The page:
17

I am executing the following command from a script:

echo '{"hostUp": true}' | sudo /usr/local/bin/netcat localhost 8001

However, the netcat client stays open indefinitely. How can I close the connection once this data has been sent?

12

Both other answers -c and -q given are correct in the right context, but it may help to summarize why there are multiple answers and give a more general solution.

These different options do the same thing but are different implementations of netcat:

  • -c GNU implementation of netcat
  • -q OpenBSD implementation of netcat.
  • -w (other?) OpenBSD implementation of netcat.

Some versions require an int to specify the number of seconds to wait before quitting for the -q and -w options. This int must be > 0 or >= 0, depending on the version.

If you are implementing something across multiple machines and are not sure they use the same implementation of netcat, you might consider wrapping your netcat call with the timeout program to kill netcat after a few seconds.

timeout 5 echo '{"hostUp": true}' | netcat localhost 8001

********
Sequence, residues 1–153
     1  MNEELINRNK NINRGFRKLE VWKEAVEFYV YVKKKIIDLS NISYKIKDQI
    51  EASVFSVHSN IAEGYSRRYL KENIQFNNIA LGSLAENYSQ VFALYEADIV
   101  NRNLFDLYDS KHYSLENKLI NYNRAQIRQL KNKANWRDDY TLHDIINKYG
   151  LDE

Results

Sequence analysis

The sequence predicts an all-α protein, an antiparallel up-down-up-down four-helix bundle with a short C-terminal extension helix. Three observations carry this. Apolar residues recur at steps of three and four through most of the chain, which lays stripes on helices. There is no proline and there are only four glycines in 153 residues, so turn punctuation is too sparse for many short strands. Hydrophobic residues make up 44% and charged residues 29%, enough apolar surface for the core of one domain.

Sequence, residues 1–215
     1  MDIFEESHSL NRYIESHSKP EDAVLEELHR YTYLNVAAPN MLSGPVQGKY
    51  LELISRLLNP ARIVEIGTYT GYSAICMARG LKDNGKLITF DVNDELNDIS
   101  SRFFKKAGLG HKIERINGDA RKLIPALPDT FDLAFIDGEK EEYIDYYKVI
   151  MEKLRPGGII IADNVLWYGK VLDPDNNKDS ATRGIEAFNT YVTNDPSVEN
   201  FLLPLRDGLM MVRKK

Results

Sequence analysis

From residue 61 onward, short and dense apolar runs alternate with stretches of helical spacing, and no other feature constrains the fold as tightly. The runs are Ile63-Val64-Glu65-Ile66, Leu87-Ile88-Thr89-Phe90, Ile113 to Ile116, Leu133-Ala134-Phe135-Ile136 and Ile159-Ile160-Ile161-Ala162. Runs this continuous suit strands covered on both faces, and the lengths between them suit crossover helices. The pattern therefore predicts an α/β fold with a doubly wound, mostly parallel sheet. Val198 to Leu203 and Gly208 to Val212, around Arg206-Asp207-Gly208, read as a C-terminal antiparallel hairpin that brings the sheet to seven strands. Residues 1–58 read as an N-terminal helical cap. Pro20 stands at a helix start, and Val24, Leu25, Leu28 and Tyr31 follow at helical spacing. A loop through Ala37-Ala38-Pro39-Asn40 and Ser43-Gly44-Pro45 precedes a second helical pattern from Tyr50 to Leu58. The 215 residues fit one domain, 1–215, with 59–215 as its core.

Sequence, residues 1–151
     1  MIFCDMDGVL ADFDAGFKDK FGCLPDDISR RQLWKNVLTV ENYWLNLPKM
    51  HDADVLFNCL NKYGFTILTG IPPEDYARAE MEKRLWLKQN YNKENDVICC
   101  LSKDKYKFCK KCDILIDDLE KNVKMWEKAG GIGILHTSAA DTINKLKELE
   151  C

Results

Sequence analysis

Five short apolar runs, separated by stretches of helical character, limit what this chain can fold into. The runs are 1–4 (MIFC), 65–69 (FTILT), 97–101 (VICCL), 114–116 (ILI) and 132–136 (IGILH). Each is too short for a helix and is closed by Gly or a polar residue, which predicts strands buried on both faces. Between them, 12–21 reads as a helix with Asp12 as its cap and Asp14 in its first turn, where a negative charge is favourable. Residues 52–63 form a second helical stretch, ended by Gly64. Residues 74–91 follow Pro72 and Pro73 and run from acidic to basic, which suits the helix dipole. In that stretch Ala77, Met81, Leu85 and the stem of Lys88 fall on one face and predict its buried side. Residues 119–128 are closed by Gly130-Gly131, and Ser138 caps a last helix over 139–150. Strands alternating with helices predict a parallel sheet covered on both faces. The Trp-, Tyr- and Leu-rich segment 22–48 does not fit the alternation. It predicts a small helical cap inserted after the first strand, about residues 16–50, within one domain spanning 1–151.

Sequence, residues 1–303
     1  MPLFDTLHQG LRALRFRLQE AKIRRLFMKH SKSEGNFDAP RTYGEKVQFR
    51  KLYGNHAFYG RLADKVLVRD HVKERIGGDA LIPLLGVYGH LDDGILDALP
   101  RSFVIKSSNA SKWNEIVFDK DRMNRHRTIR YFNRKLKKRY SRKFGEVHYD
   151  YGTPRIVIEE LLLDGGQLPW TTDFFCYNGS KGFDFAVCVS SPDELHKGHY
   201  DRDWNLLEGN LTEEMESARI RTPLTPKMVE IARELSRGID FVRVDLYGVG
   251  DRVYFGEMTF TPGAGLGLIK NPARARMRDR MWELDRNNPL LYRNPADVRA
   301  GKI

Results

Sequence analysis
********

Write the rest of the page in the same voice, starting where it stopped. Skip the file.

This approach is a bit clumsy because it puts an upper limit on the execution of netcat regardless of whether or not if it is sending data successfully, but if you are sending a small amount of data and have a few seconds to spare then this should work with any netcat implementation.

5

You can use -q parameter, but it will cause the netcat server to be closed also.

$ echo '{"hostUp": true}' | sudo /usr/local/bin/netcat -q 5 localhost 8001    
3

In my case, the copy of netcat that I was using on my Mac installed via Homebrew (v 0.7.1) did not have a -q option, but I was able to use the -c option to close on STDIN EOF and put the whole command in a loop:

while true ; do printf 'HTTP/1.1 200 OK\r\n\r\ncool, thanks' | netcat -l -c -p 8888 ; done
0

On Ubuntu 18.04 server I had to use the following: (found in man pages)

echo '{"hostUp": true}' | sudo /usr/local/bin/netcat -N localhost 8001

Obviously the -N is similar to -q or -c on other distros

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